Dunchurch Park Hotel & Conference Centre
Rugby, WEST MIDLANDS
- Social distancing and safety measures in place
- Follows government and industry guidelines for COVID-19
- Signed up to the AA COVID Confident Charter
The hotel will be contacting all guests on the day of arrival to establish arrive times and if deemed necessary staggering guests arrivals to minimise the amount of guests that arrive at the same time into the building, this call will also be used to establish a contactless payment plan and a dinner reservation time to again stagger dining times in the restaurant and bar. All bedrooms once cleaned will be sealed until the guest checks in and break seal upon entering room.
FROM THE ESTABLISHMENT
Dunchurch Park Hotel and Conference Centre is a charming, Grade II listed Victorian manor house steeped in history and set in 72 acres of beautifully landscaped gardens with sweeping lawns down to the lake and stunning countryside views as far as the eye can see. Benefiting from an excellent range of conference, training and private dining facilities, the Manor House is ideal for, weddings, family occasions and corporate functions. With several large lawns and dedicated field areas we can accommodate any host of activities.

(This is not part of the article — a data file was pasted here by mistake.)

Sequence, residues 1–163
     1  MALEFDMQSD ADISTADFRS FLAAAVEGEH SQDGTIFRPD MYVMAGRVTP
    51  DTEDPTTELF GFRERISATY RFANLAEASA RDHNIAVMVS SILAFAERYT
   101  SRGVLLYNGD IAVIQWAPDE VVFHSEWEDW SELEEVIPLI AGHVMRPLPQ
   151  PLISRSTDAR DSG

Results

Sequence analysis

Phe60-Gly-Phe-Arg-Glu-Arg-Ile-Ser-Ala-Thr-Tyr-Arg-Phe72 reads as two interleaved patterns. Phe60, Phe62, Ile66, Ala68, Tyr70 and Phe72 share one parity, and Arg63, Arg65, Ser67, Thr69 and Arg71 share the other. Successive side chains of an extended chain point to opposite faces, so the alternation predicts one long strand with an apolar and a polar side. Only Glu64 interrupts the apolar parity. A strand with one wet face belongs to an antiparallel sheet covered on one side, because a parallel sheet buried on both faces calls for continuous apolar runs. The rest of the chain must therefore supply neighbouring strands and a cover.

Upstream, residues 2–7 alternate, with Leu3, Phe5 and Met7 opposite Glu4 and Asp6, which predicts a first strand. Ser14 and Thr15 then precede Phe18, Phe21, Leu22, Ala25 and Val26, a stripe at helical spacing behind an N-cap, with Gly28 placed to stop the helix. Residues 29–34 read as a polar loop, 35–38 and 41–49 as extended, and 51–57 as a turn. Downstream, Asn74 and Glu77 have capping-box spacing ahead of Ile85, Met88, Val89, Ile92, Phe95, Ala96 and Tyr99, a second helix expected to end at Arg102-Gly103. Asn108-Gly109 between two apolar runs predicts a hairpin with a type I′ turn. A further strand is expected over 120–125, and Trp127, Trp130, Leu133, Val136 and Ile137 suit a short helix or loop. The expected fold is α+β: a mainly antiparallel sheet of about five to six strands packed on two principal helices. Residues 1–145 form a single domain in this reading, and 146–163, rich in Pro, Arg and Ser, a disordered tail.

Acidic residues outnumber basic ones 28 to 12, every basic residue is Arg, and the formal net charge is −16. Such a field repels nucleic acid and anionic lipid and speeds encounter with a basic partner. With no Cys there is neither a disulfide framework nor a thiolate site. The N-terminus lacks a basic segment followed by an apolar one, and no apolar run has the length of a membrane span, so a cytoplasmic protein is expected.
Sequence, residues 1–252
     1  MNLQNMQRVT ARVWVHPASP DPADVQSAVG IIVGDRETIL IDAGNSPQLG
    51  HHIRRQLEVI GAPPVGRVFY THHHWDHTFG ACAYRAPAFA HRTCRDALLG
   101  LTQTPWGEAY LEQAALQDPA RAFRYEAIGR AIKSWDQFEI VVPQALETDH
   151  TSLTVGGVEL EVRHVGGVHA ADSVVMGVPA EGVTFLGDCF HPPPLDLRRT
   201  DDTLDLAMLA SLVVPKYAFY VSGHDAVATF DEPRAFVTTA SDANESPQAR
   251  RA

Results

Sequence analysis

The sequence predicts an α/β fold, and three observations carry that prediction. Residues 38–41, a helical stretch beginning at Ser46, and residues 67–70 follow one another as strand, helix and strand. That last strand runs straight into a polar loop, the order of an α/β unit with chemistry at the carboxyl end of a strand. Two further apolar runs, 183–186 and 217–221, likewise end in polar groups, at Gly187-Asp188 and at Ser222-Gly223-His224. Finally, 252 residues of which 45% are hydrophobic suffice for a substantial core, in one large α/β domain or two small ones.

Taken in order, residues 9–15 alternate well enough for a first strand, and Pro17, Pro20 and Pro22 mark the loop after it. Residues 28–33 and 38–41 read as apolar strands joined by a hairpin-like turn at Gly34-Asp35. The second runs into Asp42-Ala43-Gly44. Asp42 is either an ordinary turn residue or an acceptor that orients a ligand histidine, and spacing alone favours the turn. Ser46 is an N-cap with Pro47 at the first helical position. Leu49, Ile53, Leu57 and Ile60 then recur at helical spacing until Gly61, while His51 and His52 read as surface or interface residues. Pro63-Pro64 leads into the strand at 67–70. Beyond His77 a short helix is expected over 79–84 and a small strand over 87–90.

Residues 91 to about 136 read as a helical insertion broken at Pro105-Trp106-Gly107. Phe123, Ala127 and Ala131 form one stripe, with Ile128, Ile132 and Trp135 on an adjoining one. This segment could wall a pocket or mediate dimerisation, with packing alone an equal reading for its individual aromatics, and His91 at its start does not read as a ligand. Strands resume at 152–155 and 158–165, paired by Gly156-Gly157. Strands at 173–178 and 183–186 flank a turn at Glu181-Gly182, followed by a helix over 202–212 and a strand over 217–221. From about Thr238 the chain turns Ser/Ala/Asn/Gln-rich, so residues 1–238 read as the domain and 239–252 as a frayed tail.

Also in the Area
About the area
Discover West Midlands
After Greater London, the West Midlands is the UK’s biggest county by population, and after London, Birmingham is the UK’s largest city. There’s a lot to seek out here – it has a vibrant culture, with exceptionally good nightlife. Coventry used to be more important than Birmingham, until the 18th century when the Industrial Revolution started and Brum forged ahead.
Apart from Lady Godiva, Coventry is best known for its cathedrals. The medieval parish church became a cathedral in 1918, but the Blitz on Coventry in 1940 left only the spire and part of the walls. After the war, it was decided to build a new cathedral alongside linked to the ruins.
Dudley was one of the birthplaces of the Industrial Revolution, and this history is reflected in its architecture and the Black Country Living Museum, a recreation of an industrial village, with shops and a pub, cottages and a chapel. Stourbridge is also worth a visit, mainly due to its involvement in glassmaking, which has been going on since the 17th century, and is still a part of the town’s culture; there’s a glass museum and a bi-annual glass festival.
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